| A US Marine receives his anthrax innoculation at Camp Lejeune, North Carolina. Connecticut health workers became the first American civilians to be vaccinated against smallpox under a controversial government plan. (Reuters)
New York, Jan. 25 (PTI): The US is quietly preparing for the possible use of tactical nuclear weapons in a war against Iraq and military planners have been actively studying lists of potential targets, the Los Angeles Times reported today.
The preparations include possible use of bunker-buster nuclear weapons against deeply buried military targets, the Times reported today.
Defence officials have been focusing their plans on the use of tactical nuclear arms in retaliation for a strike by Iraq with chemical or biological weapons, or to pre-empt one, the daily said.
US administration officials believe that in some circumstances, using nuclear arms may be the only way to destroy deeply buried targets that may contain unconventional weapons, the report said.
Some officials have argued that the blast and radiation effects of such strikes would be limited, it added.
But a bunker-buster strike using nuclear weapons could involve a huge radiation release, critics said.
Resorting to nuclear weapons would encourage other nuclear-armed countries to consider using such weapons and would badly undermine the half-century effort to contain the spread of nuclear arms, they said.
Although it may be highly unlikely that the Bush administration would authorise the use of such weapons in Iraq, the mere disclosure of its planning details could stiffen the opposition of France, Germany and West Asian nations to an invasion of Iraq.
“If the US dropped a bomb on an Arab country, it might be a military success, but it would be a diplomatic, political and strategic disaster,” said Joseph Cirincione, director of non-proliferation studies at the Carnegie Endowment for International Peace in Washington.
He said there is a danger of the misuse of a nuclear weapon in Iraq because of the chance that “somebody could be seduced into the mistaken idea that you could use a nuclear weapon with minimal collateral damage and political damage.”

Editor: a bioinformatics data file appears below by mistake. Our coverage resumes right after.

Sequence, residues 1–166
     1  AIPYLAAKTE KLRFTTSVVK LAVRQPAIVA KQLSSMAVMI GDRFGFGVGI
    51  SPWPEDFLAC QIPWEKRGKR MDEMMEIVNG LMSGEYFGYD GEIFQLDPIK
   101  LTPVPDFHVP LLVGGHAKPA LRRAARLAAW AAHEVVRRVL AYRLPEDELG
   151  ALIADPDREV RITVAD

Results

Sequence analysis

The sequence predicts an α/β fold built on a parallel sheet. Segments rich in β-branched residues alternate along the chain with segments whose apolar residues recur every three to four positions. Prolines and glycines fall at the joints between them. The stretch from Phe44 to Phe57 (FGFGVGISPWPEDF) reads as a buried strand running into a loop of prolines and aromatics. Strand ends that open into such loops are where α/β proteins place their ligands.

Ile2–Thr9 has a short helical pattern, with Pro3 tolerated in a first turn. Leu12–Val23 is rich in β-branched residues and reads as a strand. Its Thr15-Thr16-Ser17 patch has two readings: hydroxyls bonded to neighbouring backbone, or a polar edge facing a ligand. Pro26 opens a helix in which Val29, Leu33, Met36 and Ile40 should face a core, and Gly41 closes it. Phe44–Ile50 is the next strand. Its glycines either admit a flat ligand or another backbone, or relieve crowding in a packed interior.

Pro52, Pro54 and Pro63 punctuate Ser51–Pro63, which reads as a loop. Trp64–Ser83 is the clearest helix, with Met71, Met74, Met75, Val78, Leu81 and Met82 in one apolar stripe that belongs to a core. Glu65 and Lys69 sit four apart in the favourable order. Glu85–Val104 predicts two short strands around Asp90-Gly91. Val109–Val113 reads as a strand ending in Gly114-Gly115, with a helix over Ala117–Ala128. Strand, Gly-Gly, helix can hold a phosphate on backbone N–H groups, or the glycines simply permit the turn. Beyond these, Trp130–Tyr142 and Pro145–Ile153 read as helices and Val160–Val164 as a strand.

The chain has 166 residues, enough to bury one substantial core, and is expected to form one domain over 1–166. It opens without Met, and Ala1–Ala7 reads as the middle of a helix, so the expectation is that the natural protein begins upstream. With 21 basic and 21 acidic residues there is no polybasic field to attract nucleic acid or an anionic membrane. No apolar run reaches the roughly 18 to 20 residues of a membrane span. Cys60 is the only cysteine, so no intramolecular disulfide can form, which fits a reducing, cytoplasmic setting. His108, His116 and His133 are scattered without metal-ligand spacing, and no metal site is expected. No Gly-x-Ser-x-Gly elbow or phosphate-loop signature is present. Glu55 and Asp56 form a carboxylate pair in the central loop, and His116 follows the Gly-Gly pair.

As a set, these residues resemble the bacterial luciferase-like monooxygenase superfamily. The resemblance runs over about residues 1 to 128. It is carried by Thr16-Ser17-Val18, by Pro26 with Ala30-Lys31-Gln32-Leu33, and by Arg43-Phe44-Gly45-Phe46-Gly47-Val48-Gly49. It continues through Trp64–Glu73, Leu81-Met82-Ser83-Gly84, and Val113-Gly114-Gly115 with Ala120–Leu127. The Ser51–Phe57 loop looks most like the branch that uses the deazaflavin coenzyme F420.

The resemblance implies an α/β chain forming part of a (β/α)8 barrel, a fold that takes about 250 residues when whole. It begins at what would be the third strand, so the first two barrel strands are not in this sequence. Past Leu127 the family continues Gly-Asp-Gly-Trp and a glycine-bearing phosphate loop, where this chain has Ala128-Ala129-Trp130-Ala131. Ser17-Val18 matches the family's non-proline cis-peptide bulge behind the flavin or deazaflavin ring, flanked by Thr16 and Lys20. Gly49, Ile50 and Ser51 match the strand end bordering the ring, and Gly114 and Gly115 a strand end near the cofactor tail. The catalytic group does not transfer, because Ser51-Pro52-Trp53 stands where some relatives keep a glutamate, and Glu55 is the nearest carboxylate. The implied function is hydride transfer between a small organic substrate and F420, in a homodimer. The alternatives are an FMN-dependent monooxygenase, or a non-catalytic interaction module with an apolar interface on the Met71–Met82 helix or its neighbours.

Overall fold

Bush administration officials had made it clear that they want to be better prepared to consider the nuclear option against the threat of weapons of mass destruction in the hands of terrorists and rogue nations.
The current planning offers a concrete example of their determination to follow through on this pledge.
Arkin also says that the Pentagon has changed the bureaucratic oversight of nuclear weapons so that they are no longer treated as a special category of arms but are grouped with conventional military options.
The US said today at least a dozen nations would back an attack on Iraq, even without a new UN resolution, but was reported to be ready to give UN arms experts more time to complete their work.
In Baghdad, a man wielding three knives tried to enter the headquarters of the UN inspectors, but was stopped by guards, a UN spokesman said. In a second incident, a man tried to stop a convoy of UN cars carrying inspectors.
The incidents, which occurred as UN teams were leaving for daily searches of suspected weapons sites, were the first of their kind since the arms experts returned in November after a four-year break. Their activities have aroused Iraqi resentment.
US secretary of state Colin Powell said on his way to the World Economic Forum in Davos, Switzerland, that potential US allies would prefer a new council resolution authorising force against Iraq, but would not insist on one.
“There are quite a number of countries that already have indicated that they would like to have another resolution, but without another resolution they will be with us,” he said.
“We would not be alone, that’s for sure. I could rattle off at least a dozen off memory, and I think that there will be more.”